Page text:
Centralized data center infrastructure that relies on expensive data backhaul is far from the ideal way to support these kinds of applications. What is needed is an increase in edge computing assets across the country to reduce backhaul costs, deliver lower latency, and provide high-performance applications as close as possible to where employees, companies, patients, doctors, gamers and Netflix-watchers live and work.
From a telecom perspective, the primary driver catalyzing edge computing proliferation in the near to medium term will be cost. At per unit prices of $1 million or less, edge facilities, even when purchased in multiple, will be dwarfed by the cost of building a full-sized data center or adding additional switching facilities on the part of telecom providers. When that cost advantage is combined with the availability of existing real estate, power and connectivity at cell tower and conventional switching locations to support edge deployments, I foresee telecom companies accelerating their movement from the limited trial stage to larger edge deployments within the 18-24 months of the recession of virus.
In terms of industries such as gaming or applications like content delivery, the experience gathered during the prolonged period of self-isolation can also be expected to jumpstart their edge related planning and implementation. While the ability to accurately estimate future traffic patterns and usage volume may remain imprecise in a post-pandemic world, it is safe to say that they will not return to their pre-shelter-in-place levels. In fact, a “pandemic” factor may now become part of existing capacity planning algorithms moving forward. All of these elements will coalesce to create a boost in the need for expanding existing architectures closer to end user communities more rapidly than previously projected.
I should also talk about 5G because this intersects with everything I’ve discussed above. To a large extent, the growth of edge computing has been intrinsically linked to the rate of 5G accessibility by most market observers. While this relationship will remain intact post-COVID, it will be substantially weakened. The catalyzing role of 5G will be somewhat mediated by the recognition that, for many telecom and application providers, there is an immediate need for more rapid and extensive edge deployment to satisfy customer demand, to achieve desired levels of performance, and to provide “bridging” until large scale 5G availability.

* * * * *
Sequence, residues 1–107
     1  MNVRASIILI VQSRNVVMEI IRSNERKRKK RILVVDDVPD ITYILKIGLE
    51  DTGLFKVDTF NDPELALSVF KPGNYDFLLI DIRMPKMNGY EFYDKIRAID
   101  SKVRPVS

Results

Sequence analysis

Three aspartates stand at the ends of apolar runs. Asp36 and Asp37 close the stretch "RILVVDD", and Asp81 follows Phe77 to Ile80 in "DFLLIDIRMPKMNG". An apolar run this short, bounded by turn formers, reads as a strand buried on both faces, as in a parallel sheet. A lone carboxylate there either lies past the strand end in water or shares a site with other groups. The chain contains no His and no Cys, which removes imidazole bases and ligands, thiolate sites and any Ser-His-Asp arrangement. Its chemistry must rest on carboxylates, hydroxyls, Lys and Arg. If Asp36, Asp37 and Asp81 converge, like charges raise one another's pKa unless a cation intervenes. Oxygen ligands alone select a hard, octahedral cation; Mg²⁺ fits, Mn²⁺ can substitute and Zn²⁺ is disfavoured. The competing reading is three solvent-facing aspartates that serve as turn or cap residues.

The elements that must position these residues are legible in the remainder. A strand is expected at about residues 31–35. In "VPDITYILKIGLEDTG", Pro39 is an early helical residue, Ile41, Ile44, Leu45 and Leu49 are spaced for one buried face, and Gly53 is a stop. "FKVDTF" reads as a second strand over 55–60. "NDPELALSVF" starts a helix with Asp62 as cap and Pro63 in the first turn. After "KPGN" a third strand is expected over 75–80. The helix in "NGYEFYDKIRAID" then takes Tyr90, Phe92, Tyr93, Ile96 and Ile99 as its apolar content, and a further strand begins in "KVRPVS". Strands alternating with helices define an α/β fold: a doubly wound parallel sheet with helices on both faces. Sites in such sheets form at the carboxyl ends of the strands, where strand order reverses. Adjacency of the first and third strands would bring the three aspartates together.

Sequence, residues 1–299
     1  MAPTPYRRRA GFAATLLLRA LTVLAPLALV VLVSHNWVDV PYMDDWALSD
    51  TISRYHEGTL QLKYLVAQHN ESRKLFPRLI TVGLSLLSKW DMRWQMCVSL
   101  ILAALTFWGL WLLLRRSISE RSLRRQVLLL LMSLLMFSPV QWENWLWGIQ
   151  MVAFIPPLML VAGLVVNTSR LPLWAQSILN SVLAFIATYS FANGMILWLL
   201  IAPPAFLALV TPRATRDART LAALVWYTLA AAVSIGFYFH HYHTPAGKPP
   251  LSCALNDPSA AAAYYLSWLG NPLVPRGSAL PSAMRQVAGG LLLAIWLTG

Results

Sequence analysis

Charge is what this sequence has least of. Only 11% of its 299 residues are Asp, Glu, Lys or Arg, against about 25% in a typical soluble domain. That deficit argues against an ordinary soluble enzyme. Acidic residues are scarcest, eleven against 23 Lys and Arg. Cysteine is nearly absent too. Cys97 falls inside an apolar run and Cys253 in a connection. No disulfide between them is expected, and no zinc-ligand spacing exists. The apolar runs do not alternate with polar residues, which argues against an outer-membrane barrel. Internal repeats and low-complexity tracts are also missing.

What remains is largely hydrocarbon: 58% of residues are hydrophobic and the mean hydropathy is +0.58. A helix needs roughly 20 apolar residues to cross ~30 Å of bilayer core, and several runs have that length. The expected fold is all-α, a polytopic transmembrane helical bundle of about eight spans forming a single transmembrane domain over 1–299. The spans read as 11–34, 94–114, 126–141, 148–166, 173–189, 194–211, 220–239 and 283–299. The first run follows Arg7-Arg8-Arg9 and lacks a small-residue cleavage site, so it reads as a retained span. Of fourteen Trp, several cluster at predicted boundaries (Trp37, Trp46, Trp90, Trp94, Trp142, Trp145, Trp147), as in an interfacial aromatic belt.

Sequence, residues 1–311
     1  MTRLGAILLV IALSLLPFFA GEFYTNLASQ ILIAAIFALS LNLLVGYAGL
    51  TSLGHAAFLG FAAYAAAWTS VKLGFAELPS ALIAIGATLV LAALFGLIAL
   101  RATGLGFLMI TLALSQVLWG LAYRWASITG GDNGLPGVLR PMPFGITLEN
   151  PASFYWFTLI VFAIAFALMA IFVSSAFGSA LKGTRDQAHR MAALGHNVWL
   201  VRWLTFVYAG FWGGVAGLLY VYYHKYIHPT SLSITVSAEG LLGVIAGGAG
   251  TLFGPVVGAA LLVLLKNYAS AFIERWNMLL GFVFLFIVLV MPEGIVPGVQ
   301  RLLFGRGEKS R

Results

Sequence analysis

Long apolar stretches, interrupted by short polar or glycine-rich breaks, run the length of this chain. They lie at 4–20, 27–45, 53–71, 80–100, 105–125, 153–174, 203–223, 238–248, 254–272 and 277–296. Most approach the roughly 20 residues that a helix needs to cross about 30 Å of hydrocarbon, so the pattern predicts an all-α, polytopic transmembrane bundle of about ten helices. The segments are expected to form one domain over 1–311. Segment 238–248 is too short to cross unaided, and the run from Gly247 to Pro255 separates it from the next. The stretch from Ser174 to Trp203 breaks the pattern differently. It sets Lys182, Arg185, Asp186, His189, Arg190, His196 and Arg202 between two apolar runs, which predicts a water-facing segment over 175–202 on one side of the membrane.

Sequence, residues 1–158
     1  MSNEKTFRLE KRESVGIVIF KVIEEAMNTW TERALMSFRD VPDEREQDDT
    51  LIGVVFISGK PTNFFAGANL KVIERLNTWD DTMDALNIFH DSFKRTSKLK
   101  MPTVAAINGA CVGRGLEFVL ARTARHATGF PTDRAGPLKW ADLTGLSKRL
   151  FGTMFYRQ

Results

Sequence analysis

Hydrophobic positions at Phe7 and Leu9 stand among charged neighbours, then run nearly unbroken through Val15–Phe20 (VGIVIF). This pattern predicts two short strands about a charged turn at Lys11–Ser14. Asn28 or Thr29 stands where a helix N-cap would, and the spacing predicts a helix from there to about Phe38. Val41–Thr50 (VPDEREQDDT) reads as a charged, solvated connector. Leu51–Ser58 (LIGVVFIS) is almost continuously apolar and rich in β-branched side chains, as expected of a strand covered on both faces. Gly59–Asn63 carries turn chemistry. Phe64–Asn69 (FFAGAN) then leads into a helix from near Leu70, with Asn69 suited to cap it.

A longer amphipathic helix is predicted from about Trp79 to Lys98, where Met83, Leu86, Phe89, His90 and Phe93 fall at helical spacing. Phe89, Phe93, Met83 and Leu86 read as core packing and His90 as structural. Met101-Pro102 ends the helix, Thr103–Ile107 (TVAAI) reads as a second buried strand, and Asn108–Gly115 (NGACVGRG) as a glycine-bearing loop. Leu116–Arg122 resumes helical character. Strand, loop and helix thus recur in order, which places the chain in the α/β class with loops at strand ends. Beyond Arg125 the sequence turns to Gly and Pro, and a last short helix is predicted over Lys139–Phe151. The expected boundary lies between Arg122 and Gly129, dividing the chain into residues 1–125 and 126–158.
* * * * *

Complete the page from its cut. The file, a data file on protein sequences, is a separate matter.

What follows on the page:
In part two of this series, I will discuss other major factors that are driving the need for broader, faster deployment of edge infrastructure.
About the Author
Keith Rutledge is the General Manager of Compass EdgePoint, which provides zero-touch edge datacenter solution at scale for a wide range of customers. Compass EdgePoint is part of Compass Datacenters, which provides custom, move-in ready data centers from edge deployments to core facilities serving hyperscale, cloud and enterprise customers. In a long career at IBM prior to this leadership role at Compass EdgePoint, Rutledge was a printed circuit board designer, a software developer, a product manager, and a sales executive. As a product manager, Keith wrote The Business Case for Java and edited The Business Case for eBusiness – which served as strategic touchstones for IBM’s business strategy. He ran Central Europe Middle East and Africa for IBM’s AS/400 product and was Worldwide Director of Sales for the AS/400. Keith also led a strategic outsourcing practice in China for IBM. Prior to IBM, Rutledge worked at Sirius, where he was responsible for partners and routes to market before becoming Director of Sales and General Manager for Sirius Southeast. He also had a long military career in Special Forces, retiring in 1999 as a Team Sergeant from 19th Special Forces Group.